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dear birthmother letters


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Letter To a Congregation that so Heartily Supports Mother and Child Separation
By Tricia Shore, adoptee

I wrote the following letter to the pastor of the church I've been attending.  Lately, it has become "Adoption Central". 

9 March 2001

Dear Rev. Smith

I have been attending your services for almost a year now and generally, I really enjoy the church.  Something happened this past Sunday, however, that disturbed me greatly.  During the joys and concerns period, a man shared the fact that he and his wife were close to adopting a child.  The mother of the child would soon be going into labor.  Someone else talked about a couple who had gone to Texas to pick up twins that they would be adopting.  As an adoptee who was separated from my mother and the rest of my natural family for over 34 years, I can't tell you how much hearing these things disturbed me.  Even more terrible, however, was the way the congregation reacted, applauding upon hearing that each of the couples would be acquiring a child through adoption.

While I personally have nothing against either couple raising a child, my heart goes first to the children themselves.  From what I understand, both couples will be adopting children whose mother is alive and well.  While there may be much joy by the adopters in their obtaining these children, there is much sadness for the mother and child, or children in the twins' case.  Even more disturbing is the fact that both these adopter couples have followed the mothers during their pregnancy.  Having just given birth myself, I know how much a mother's feelings can change after her baby's birth.  When adopters have such close contact with the mother, the mother often feels obliged to give her baby to the adopters, whether or not she still wants to after the birth. 

The adopters and the congregation seem to be unaware of the severance of the sacred mother and child bond and they seem unconcerned about the mothers themselves.  I currently work with many mothers who've lost children to adoption and from what I've read and heard, adopters and others usually think the mother is: A) a horrible person for giving away the right to raise her child or B) a "saint" for "loving the child" enough to give away the right to raise him or her.  The truth is that giving away a child for adoption is a horrible thing to do; it is certainly no "saintly" act.  However, it is no less horrible for others to take the child away from the mother, even if the mother claims that she is "giving" the child to them.  Children are not merely possessions.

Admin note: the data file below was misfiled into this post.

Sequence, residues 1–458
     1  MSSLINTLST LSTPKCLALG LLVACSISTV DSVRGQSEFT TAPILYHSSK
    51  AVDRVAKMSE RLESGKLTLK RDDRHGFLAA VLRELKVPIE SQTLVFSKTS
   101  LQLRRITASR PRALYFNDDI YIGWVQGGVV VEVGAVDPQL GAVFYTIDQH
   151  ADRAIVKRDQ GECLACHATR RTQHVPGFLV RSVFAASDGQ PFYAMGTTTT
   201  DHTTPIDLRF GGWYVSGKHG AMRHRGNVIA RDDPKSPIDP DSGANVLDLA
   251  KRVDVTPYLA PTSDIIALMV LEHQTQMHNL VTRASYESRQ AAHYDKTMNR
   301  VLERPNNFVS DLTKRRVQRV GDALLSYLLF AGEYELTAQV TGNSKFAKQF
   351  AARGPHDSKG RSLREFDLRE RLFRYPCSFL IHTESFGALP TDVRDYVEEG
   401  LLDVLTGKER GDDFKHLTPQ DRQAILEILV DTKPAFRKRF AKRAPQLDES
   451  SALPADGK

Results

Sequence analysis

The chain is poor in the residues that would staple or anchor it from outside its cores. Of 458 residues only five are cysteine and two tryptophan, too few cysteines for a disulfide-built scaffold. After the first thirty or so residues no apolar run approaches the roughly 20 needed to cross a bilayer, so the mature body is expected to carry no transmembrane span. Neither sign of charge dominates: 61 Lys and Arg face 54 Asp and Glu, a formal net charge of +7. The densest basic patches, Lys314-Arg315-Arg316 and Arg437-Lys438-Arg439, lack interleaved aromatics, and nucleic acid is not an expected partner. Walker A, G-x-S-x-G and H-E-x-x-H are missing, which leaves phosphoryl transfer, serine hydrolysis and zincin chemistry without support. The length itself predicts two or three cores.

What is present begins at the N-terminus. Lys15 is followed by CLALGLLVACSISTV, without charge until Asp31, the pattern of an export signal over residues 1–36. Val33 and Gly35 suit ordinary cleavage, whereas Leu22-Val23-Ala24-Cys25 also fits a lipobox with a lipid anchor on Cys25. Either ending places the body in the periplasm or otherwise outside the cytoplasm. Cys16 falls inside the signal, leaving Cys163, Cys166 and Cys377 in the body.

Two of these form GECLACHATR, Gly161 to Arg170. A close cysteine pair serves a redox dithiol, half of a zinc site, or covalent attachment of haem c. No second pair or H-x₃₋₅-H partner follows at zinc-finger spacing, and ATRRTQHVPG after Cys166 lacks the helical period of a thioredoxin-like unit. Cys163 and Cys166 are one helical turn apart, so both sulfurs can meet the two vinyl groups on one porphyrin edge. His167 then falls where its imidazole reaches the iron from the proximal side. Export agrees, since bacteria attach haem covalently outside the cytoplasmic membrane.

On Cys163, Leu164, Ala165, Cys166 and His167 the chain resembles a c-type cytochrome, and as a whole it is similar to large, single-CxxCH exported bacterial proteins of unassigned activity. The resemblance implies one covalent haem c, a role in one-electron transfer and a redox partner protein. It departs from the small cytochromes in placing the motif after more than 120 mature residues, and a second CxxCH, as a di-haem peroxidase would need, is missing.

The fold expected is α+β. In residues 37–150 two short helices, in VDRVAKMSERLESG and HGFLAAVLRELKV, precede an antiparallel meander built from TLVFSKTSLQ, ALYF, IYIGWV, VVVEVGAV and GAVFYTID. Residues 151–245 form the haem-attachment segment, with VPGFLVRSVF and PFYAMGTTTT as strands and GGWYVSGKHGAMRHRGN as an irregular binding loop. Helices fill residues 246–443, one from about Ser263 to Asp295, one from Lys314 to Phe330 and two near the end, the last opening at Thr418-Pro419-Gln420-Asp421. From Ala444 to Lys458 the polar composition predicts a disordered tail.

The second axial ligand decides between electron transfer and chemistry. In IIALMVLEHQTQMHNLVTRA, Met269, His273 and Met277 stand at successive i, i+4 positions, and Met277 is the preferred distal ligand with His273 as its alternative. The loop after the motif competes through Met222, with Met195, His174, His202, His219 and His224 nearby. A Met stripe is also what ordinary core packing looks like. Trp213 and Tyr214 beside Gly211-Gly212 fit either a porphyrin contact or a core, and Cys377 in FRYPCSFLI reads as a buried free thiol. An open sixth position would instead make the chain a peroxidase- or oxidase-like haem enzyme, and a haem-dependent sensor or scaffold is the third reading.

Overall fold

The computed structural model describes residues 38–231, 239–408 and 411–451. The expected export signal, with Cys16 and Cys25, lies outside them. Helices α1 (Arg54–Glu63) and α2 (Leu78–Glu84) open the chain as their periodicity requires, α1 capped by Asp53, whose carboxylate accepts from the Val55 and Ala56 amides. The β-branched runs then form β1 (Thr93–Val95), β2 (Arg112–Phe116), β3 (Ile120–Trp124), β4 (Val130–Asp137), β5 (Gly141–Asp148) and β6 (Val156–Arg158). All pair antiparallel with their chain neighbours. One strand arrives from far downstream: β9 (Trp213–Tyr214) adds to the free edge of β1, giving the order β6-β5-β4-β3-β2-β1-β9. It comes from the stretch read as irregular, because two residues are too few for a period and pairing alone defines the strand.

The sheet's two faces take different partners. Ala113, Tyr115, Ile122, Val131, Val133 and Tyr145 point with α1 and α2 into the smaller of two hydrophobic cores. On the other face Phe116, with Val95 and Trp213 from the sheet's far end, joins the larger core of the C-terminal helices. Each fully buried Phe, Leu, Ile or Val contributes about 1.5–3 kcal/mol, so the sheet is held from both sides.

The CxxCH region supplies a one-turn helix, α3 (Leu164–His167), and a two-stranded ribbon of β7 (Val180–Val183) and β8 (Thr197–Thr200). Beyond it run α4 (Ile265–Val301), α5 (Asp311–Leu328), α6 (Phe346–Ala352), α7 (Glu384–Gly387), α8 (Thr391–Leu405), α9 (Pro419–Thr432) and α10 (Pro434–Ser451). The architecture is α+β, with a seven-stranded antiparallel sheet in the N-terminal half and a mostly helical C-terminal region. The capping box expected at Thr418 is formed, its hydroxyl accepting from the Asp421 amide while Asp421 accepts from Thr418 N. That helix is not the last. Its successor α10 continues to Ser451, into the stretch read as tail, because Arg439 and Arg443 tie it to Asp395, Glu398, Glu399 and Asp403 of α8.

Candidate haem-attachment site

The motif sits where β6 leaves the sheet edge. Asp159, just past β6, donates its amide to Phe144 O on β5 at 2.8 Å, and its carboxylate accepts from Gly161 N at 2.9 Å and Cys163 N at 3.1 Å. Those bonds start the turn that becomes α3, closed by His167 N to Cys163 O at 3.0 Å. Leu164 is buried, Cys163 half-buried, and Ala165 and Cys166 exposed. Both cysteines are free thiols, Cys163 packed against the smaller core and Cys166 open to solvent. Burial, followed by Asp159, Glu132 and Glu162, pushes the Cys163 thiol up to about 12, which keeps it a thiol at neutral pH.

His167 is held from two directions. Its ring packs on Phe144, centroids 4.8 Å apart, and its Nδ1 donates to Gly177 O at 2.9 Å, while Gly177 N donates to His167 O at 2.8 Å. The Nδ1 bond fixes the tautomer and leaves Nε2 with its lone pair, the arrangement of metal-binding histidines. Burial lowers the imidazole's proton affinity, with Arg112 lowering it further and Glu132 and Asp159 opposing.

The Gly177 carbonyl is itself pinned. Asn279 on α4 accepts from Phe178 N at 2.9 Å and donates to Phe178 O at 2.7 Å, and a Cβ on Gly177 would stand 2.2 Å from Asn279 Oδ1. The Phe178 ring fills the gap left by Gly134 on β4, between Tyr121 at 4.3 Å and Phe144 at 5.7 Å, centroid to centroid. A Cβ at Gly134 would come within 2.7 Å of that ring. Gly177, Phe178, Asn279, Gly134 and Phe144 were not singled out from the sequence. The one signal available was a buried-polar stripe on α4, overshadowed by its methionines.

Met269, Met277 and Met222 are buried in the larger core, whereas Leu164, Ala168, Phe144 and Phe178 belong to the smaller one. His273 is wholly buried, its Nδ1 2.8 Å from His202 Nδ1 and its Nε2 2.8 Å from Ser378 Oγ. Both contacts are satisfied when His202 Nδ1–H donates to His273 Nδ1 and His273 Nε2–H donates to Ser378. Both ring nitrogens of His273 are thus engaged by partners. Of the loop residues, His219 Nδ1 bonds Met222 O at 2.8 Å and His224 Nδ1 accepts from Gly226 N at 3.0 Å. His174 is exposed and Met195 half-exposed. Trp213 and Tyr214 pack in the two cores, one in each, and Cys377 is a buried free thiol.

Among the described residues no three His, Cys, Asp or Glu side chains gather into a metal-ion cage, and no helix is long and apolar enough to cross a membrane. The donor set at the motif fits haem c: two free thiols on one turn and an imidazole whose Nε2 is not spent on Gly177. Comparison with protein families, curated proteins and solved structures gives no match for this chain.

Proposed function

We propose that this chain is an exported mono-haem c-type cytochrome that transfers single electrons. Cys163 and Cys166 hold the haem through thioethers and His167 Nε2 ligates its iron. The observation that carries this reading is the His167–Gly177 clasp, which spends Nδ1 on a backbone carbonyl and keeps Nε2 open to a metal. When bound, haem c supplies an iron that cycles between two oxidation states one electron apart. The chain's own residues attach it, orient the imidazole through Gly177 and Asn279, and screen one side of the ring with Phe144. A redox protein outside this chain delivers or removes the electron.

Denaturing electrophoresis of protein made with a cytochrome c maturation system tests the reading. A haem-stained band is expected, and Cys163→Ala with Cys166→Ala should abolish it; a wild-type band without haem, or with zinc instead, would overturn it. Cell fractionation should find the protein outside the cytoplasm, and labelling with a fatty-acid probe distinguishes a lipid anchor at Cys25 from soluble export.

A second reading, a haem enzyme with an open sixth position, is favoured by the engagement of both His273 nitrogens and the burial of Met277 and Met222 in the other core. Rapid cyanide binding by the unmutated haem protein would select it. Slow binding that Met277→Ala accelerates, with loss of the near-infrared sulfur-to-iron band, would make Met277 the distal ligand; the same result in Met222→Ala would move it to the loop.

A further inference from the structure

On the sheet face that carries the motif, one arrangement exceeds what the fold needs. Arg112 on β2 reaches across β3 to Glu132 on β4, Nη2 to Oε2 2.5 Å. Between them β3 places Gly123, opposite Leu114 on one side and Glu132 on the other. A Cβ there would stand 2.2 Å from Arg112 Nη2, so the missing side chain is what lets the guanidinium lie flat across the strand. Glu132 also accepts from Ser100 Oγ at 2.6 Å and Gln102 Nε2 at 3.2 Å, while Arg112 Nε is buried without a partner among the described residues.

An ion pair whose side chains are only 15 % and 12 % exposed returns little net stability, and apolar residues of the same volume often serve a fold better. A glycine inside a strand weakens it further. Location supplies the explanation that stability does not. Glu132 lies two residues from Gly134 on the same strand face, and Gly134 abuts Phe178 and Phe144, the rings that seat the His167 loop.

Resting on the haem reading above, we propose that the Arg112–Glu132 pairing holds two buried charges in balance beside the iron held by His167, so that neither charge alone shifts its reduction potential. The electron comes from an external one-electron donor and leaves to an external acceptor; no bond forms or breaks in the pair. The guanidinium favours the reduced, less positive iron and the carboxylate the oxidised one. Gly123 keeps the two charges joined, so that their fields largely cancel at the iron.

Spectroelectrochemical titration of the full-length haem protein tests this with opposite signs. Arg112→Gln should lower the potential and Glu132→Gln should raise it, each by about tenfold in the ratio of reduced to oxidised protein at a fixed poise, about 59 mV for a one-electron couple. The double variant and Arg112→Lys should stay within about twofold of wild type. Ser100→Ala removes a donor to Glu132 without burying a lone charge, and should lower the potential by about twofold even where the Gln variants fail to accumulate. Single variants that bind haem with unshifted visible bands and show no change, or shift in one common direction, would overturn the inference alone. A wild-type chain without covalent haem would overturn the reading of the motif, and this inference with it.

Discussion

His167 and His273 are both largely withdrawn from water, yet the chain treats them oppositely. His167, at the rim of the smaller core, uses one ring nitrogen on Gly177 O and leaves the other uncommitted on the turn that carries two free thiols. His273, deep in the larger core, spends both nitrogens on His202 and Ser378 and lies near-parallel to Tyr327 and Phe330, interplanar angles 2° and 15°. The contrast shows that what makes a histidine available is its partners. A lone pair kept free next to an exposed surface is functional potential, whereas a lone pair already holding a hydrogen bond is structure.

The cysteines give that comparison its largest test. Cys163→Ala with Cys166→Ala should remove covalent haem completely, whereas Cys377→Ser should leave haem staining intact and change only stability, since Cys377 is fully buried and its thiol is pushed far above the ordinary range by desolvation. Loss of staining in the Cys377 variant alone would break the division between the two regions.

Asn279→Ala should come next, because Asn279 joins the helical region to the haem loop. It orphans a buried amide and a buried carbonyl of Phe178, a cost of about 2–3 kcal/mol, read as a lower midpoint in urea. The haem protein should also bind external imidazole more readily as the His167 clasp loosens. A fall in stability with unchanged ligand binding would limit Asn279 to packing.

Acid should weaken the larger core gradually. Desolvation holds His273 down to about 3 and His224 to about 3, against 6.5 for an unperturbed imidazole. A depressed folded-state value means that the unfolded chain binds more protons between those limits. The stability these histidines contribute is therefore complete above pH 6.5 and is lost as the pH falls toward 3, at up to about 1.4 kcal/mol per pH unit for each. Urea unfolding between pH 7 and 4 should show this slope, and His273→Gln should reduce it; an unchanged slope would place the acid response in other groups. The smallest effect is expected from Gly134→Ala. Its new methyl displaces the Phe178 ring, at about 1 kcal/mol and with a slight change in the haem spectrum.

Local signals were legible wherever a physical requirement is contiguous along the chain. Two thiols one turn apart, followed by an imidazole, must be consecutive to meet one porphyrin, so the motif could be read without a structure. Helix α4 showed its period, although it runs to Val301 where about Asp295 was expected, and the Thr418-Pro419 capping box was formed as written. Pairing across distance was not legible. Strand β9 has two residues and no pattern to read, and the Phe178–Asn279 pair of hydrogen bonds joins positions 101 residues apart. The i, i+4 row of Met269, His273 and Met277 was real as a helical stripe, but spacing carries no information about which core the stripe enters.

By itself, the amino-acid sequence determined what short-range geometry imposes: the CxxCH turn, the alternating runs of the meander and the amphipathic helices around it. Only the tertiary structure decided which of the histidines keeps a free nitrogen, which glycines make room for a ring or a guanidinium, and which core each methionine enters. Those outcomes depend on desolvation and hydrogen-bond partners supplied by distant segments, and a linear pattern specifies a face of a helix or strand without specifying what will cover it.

Could it be that the congregation, knowing the adopters far better than the mothers, tends only to look at the "gain" the adopters will make?  If they understand an inkling of what those mothers will go through after going home with empty arms, they would try to help the mother and child stay together, not separate them via adoption.  I was deeply disappointed that such an inhumane thing as this would be tolerated and even encouraged by the congregation.
 

The only hope that I have for the congregation's understanding of the harm of adoption is the letter that was written in this week's newsletter.  Sally Mendoholsen, a mother who lost her firstborn to adoption, has attempted to start a dialogue regarding the harm of adoption on mother and child and the difficulties in the present $1.4 billion dollar adoption industry.  Knowing the joy that my son brings me each day and the difficulties I've endured as an adoptee, despite wonderful people who adopted me, I find it difficult to return to a congregation that so heartily supports mother and child separation.  I pray that Sally's letter will help people understand how unfair the present adoption system is in the United States and that your congregation will begin to help preserve families, not to tear them apart via adoption.

Thank You,
 

Tricia Shore

Reunited Adoptee

 
 
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